A look at a few of the problems Zappos is having making Holacracy with within their organization. If I were to sum...

A look at a few of the problems Zappos is having making Holacracy with within their organization. If I were to sum…

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A look at a few of the problems Zappos is having making Holacracy with within their organization. If I were to sum it up on a few words, it would be too much of a focus on organizational process.

My critique of this article is that it unfairly ascribes the motivation for trying Holacracy as a desire to turn people into highly efficient software. That’s simply not true. The goal behind the management system is to develop a non-hierarchical approach to managing an organization.

I have been watching some of these experiments over the past few years, hoping that they would work. Years ago, I actually met with the founder/visionary behind Holacracy while he was visiting Seattle. I was running a similar experiment with my own organization at the time, and running into problems. The core of the difficulties? Too much energy was going into process, and it was bogging us down.

Hierarchy, it turns out, is a pretty efficient model for making decisions amongst a group of humans. It bothers me to say that, but it’s true. It does have all kinds of drawbacks though. Some of these can be overcome with culture and process innovations, but that requires a management team that fully acknowledges these pitfalls from the get go.

I personally am of the belief that as our software systems get better, we may actually be able to make non-hierarchical management structures work, as software takes up some of the complexity and awkwardness of managing the process. Until then, I’m not going to bash leaders like Tony Hsieh for trying to make stuff like this work. It’s a risky move, to be sure, but the intention behind it is laudable.



  1. I agree that the article puts too harsh a spin on Holacracy. I’ve pointed it out to Tom Thomison, Co-Founder of Holocracy One.

    However, Holacracy is a hierarchical system. It replaces a hierarchy of individual managers with a hierarchy of groups called Circles. That might be the reason that the people at Zappos are struggling with it.

    Fixed, power hierarchies are the problem: lack of engagement and absence of innovation are just two of their most covered symptoms.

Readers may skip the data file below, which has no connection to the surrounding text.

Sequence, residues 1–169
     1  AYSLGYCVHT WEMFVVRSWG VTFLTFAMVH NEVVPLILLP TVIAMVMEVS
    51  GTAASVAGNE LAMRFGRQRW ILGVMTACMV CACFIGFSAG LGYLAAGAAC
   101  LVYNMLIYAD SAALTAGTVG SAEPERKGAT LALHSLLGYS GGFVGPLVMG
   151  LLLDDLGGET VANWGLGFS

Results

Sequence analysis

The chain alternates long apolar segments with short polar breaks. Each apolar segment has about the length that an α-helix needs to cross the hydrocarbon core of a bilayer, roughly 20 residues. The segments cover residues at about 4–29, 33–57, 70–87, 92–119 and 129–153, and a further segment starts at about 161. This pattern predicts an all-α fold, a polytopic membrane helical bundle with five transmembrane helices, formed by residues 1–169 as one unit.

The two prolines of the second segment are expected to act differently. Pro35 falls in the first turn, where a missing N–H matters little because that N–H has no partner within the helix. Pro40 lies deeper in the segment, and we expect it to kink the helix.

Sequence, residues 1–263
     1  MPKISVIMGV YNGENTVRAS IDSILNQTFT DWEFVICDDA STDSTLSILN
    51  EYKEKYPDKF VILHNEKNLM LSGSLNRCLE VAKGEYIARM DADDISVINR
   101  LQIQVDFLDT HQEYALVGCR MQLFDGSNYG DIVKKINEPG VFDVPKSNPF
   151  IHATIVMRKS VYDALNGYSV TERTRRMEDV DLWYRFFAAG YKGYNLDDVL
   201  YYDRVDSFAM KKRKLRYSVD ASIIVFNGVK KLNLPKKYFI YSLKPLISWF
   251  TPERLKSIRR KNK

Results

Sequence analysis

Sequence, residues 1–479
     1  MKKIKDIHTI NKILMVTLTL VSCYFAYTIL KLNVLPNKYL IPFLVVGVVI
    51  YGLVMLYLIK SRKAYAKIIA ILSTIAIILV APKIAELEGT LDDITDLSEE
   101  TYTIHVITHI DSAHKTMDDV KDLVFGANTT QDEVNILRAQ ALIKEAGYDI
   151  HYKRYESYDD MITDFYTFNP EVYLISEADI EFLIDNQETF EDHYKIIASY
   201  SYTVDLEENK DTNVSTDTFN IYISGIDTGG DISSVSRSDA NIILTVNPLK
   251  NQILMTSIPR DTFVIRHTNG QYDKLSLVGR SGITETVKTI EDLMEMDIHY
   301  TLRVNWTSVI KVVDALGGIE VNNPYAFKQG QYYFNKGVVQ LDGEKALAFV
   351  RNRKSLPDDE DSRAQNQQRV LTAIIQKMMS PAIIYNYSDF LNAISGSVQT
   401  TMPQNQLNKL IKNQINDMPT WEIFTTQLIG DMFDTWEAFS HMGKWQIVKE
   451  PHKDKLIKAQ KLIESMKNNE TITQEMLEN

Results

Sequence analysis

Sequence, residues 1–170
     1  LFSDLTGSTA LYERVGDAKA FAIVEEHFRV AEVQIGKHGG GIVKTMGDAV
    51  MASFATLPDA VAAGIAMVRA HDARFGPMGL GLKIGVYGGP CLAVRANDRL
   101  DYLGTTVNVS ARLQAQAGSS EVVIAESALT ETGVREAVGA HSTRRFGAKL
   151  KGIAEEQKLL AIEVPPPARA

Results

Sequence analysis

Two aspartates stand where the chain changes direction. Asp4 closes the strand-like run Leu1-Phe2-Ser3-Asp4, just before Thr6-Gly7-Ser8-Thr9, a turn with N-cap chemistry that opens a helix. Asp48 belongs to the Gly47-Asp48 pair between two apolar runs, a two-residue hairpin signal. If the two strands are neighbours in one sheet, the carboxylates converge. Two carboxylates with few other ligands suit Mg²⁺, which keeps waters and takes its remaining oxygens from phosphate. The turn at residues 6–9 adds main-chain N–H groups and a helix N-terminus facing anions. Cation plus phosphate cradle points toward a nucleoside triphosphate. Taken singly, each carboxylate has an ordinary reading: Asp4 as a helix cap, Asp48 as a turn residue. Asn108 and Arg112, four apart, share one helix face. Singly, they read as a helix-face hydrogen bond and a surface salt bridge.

To be clear, hierarchies happen all around us, naturally. But they do so in response to a given environment. A static power hierarchy doesn’t—it actually gets in the way.

    For example, at Nearsoft, Inc we use dynamic Leadership Teams (LT) to deal with specific issues. Hiring, firing, assessments, salary adjustments, and even how annual bonuses are distributed are handled by dynamic LTs.

    Anybody who perceives a problem can organize an LT. They don’t need permission from a “higher” LT or from any individual. An LT forms, comes up with a decision, and then goes away.

    The key is that they are not static, nor permanent. Anybody can call for one and anybody can choose to participate. No permission needed.

    I call it a DIYcracy, a system of self-governance that continues to grow and morph as needed by us, our organization, and its ecosystem.

    It works and it is scalable. It has helped us grow to 250+ people and counting; our revenue has grown 40%/year on average. A static power hierarchy would have been a lot more costly to run and would have held us back overall.

    The people at Zappos will figure things out. Their heart is in the right place. Holacracy is just a phase, an exercise they’ll learn from.organize.in – Click here to proceed.

  2. Thanks, Matt Perez​.

    It’s been a few years since I dug into this, but I was under the impression that those circles were dynamic too, and shifted in response to changing conditions within the organization.

    I agree that that dynamism is the key.

    Thanks too for sharing your experience at Nearsoft. Sounds cool. I take it that it isn’t resulting in lots and lots of meetings? That was one of the issues we were running into when I tried implementing something like this.

  3. By the way, that link is giving me some really weird (bad) redirects…

  4. Gideon Rosenblatt No, no more meetings than “normal.” The system, such as it is, does not require everybody to vote on everything all the time.

    We all know what the co’s purpose is, it’s values, our business model, our strategy, and what our finances are (including salaries) so everybody knows in principle everything they’d need to know to make a decision for the company. it takes practice and mistakes happen but we learn from them and life goes on.

  5. That’s really cool, Matt Perez. Sounds like a great place to work. Got a meeting coming up right now, but I want to check more into what you’re up to.

  6. Sure, just let me know.

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